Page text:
December 16, 2022 – This story might be more appropriate for Halloween than the holiday season because of its disturbing implications. New evidence predicts that four Omicron subvariants of the virus that causes COVID-19 will be the most common strains spreading between humans this winter.
Not too scary so far, unless you consider what else the researchers found.
Researcher Qian Wang, Ph.D., and colleagues report that BQ.1, BQ1.1, XBB, and XBB.1 subvariants were the most resistant to neutralizing antibodies. This means that even if you have been vaccinated against COVID-19 or multiple vaccinations and booster vaccines (including bivalent vaccines), you have no or “significantly reduced” protection against infection with these four strains.
Most importantly, all available monoclonal antibody treatments are mostly or completely ineffective against these subvariants.
What does this mean for our near future? The findings are definitely “worrisome,” says Eric Topol, MD, founder and director of the Scripps Translational Research Institute in La Jolla, Calif., and editor-in-chief of Medscape, WebMD’s sister site for healthcare professionals.
But evidence from other countries, notably Singapore and France, suggests that at least two of these variants have not been as damaging as expected, possibly because large numbers of people have been vaccinated or survived previous infections Come down, Topol said.
Aside from the fact that COVID-19 vaccination and previous infection can still reduce the risk of serious outcomes like hospitalization and death, the new findings aren’t much to celebrate, the researchers said. In fact, CDC data released on Friday showed that people who had received four doses of the original COVID-19 vaccine plus a bivalent booster were 57 percent less likely to go to an emergency clinic or emergency room, regardless of age.
“Alarm antibody evasion properties of rising SARS-CoV-2 BQ and XBB subvariants” Research published online this week in the magazine cell.
It appeared when BQ.1 and BQ.1.1 accounted for about 70% of the circulating variants, CDC data display. In addition, the number of hospitalizations has increased by 18% and the number of COVID-19 deaths nationwide has increased by 50% over the past two weeks, New York Times report.
Globally, Topol said, “walls of immunity” have been built in many places. This may not be the case in the US.
“In the U.S., the harder-to-forecast issue is that we’ve had very low rates of recent booster use over the past six months, especially among older adults,” Topol said. E.g, Only 36% of Americans are 65 and olderthe highest-risk group, have received newer bivalent boosters.
These sub-variants successfully replaced BA.5, which became one of the most common Omicron variants in the past year. The latest CDC data shows that BA.5 now accounts for only about 10% of circulating viruses. “The rapid turnover of this virus strain is “raising fears of another wave of infections in the coming months,” the researchers wrote.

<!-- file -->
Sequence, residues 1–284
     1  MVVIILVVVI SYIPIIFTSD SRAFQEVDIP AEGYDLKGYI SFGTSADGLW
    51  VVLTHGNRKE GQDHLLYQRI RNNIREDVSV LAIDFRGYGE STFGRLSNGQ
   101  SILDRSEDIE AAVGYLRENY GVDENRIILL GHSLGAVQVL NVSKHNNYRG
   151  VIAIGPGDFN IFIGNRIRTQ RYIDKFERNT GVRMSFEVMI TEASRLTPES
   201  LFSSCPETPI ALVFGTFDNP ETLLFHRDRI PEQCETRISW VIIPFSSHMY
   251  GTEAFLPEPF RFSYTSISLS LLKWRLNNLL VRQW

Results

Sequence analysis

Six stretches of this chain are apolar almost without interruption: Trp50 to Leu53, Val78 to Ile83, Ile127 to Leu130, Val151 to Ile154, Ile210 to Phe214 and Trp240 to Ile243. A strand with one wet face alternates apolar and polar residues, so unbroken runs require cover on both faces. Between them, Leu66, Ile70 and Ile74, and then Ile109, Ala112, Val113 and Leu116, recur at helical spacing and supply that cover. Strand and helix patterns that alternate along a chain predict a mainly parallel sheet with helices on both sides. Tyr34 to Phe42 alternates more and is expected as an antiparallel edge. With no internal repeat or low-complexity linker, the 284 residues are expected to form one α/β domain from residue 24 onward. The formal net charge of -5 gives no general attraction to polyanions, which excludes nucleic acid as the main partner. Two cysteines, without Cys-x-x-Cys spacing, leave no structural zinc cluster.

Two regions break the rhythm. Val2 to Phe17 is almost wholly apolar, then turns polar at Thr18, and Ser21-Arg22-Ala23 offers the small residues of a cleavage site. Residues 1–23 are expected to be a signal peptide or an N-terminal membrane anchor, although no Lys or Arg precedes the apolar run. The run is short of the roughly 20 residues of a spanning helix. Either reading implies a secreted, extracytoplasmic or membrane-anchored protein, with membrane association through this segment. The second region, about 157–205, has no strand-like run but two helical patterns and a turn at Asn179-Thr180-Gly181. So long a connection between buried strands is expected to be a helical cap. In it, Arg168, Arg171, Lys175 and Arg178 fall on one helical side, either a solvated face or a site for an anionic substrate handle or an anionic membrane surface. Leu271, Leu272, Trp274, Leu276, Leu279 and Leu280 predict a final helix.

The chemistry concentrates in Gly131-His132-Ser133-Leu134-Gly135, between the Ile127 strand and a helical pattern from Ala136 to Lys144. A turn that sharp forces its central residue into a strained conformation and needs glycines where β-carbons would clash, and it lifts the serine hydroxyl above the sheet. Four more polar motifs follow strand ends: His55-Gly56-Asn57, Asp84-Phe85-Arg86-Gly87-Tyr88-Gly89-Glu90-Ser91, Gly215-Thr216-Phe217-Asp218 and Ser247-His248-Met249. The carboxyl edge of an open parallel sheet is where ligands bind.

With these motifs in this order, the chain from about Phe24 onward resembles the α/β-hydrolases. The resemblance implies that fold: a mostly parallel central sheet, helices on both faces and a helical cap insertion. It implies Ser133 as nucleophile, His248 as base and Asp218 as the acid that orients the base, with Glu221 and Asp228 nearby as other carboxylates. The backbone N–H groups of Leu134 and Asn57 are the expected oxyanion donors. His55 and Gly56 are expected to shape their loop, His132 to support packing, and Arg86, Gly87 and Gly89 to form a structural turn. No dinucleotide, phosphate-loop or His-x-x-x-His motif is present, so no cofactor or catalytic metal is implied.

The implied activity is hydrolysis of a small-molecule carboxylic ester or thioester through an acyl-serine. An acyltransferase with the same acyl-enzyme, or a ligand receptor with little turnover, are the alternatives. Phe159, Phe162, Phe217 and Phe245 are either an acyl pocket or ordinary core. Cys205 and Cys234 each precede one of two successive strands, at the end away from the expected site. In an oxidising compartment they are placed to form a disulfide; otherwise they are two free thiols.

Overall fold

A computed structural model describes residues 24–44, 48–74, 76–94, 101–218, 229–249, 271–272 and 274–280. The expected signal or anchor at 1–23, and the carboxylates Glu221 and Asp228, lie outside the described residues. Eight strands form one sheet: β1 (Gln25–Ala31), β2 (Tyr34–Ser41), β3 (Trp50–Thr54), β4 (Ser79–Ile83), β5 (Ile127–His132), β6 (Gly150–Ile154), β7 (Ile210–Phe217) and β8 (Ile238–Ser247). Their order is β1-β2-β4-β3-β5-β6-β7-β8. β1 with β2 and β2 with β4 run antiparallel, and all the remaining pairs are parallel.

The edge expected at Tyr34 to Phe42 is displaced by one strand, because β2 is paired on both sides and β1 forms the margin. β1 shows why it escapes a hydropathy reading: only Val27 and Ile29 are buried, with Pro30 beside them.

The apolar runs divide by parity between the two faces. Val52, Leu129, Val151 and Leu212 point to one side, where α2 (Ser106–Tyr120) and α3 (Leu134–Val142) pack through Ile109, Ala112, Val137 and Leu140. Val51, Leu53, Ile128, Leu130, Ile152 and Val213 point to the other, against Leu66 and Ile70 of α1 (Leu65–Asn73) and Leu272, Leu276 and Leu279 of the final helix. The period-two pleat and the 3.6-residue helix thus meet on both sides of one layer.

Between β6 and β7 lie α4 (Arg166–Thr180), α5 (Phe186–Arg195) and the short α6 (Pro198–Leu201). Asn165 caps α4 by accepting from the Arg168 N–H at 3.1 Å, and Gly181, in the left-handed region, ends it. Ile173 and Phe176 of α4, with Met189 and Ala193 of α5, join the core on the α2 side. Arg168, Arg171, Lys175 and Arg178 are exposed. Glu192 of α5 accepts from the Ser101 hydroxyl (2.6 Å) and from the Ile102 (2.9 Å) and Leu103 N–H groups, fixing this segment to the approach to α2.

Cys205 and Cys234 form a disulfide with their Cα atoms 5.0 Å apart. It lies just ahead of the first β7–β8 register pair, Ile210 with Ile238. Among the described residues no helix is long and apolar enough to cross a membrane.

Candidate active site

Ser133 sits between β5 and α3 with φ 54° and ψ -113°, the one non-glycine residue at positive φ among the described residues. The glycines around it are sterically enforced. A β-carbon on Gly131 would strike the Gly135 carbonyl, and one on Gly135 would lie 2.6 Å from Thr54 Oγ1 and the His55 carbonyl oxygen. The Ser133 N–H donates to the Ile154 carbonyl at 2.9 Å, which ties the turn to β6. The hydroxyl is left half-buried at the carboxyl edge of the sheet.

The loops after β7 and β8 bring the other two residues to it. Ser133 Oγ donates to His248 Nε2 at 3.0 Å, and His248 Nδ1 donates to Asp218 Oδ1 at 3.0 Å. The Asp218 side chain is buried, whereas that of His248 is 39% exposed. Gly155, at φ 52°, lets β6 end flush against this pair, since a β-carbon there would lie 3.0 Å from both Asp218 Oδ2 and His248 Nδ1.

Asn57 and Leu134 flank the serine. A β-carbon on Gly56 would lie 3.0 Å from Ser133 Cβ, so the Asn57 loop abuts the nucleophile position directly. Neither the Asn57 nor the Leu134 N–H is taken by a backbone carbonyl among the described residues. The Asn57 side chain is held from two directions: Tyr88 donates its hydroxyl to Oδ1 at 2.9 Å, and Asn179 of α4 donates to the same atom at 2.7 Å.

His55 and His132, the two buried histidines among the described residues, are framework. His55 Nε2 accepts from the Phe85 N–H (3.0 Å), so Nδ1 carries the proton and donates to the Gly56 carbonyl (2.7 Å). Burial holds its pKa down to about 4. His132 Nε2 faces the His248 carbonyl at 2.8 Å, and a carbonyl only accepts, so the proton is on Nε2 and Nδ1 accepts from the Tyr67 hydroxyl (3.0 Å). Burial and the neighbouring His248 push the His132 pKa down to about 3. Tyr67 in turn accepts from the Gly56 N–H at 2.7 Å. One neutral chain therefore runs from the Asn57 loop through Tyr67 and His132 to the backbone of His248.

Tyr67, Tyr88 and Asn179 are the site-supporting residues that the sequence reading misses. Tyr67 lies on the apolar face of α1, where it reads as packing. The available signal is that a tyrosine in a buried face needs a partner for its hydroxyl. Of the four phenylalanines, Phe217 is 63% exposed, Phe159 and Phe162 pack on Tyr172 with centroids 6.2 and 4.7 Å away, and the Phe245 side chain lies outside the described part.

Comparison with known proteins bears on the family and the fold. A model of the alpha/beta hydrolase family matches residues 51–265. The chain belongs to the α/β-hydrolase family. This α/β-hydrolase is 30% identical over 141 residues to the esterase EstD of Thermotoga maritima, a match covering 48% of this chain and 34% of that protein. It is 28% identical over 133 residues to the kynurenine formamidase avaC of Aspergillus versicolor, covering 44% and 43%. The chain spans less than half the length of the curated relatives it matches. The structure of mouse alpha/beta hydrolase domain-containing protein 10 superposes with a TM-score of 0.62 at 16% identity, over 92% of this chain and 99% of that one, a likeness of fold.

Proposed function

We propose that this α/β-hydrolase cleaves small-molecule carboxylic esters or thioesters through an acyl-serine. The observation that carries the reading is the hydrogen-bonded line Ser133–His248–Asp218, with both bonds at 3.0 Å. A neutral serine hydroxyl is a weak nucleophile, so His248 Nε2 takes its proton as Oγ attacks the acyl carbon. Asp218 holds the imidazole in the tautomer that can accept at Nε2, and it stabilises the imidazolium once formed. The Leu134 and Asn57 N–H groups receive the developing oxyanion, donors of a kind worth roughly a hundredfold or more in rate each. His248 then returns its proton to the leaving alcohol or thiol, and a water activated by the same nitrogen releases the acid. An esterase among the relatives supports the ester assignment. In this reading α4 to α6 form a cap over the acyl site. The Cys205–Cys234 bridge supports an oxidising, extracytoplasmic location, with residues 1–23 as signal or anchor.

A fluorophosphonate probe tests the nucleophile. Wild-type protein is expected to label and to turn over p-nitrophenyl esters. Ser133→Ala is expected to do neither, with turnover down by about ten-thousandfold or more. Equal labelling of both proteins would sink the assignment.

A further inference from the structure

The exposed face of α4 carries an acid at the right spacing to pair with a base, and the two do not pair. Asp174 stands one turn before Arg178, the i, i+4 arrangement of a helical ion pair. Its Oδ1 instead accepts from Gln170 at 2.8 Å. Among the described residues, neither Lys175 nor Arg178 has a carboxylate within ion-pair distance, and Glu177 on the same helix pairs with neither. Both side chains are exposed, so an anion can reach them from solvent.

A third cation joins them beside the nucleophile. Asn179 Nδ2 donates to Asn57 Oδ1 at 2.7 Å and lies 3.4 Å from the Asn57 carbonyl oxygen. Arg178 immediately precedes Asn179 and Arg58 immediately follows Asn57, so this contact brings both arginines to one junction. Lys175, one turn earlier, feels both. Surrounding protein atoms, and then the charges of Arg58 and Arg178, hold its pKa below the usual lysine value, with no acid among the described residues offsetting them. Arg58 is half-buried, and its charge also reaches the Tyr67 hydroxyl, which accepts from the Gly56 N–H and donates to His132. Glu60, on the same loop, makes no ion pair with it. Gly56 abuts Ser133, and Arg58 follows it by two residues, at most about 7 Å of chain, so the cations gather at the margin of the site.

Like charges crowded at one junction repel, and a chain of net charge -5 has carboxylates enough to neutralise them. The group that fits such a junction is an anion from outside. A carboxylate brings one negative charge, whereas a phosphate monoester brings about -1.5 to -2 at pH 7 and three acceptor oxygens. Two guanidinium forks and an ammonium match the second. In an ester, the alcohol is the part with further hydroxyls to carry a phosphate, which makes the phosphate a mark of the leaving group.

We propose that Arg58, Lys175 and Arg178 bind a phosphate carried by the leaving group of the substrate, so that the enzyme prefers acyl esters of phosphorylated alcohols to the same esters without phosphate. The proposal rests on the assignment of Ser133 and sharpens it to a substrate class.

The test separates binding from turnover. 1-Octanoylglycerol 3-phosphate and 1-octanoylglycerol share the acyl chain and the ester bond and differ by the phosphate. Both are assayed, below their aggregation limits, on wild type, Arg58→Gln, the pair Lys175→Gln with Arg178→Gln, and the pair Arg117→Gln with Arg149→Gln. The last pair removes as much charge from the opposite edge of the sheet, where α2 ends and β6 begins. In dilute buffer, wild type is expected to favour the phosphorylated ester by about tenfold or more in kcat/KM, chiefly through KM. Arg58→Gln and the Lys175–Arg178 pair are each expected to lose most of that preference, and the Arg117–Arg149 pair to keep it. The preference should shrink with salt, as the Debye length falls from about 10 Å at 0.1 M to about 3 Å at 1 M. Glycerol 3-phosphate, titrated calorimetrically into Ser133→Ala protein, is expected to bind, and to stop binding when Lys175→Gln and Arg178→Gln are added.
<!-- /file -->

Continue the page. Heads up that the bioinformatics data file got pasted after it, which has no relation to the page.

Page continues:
The story sounds familiar to researchers. “The rapid increase of these subvariants and their widespread spike mutations are reminiscent of the emergence of the first Omicron variants last year, raising concerns that they may further impair the efficacy of current COVID-19 vaccines and monoclonal antibody therapies,” they write. “The findings we now report suggest that, unfortunately, this concern is justified, especially for XBB and XBB.1 subvariants.”
The BQ.1 subvariant was six times more antibody resistant than its parent strain BA.5, while XBB.1 was 63 times more resistant than its predecessor, BA.2.
The vaccine’s ability to block shifts in subvariants is “particularly concerning,” the researchers wrote.
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Wang and colleagues also tested a panel of 23 monoclonal antibody drugs against four subvariants. These treatments were all effective against the original Omicron variant and included some that were approved for use during the study period through the FDA’s Emergency Use Authorization (EUA) program.
For example, they found that 19 of the 23 mAbs were “substantially or completely” ineffective against XBB and XBB.1.
This isn’t the first time monoclonal antibody therapy has gone from being effective to being ineffective. Previous variants have emerged that no longer respond to treatment with bamlanivimab, casirivimab, cilgavimab, etesevimab, imdevimab, sotrovimab, and tixagevimab. Bebtelovimab now joins this list and is Lilly is no longer available Under EUA due to lack of validity.
The lack of effective monoclonal antibody treatments “represents serious problems for the millions of immunocompromised individuals who have not responded strongly to COVID-19 vaccines,” the researchers wrote, adding that “there is an urgent need to develop clinically active Monoclonal antibodies are obvious.”
Looking ahead, as coronaviruses continue to evolve, developing vaccines and treatments that provide broad protection remains a challenge.
In a grisly end to a scary story, the researchers wrote: “We collectively chased SARS-CoV-2 variants for over 2 years, yet the virus continued to evolve and evade.”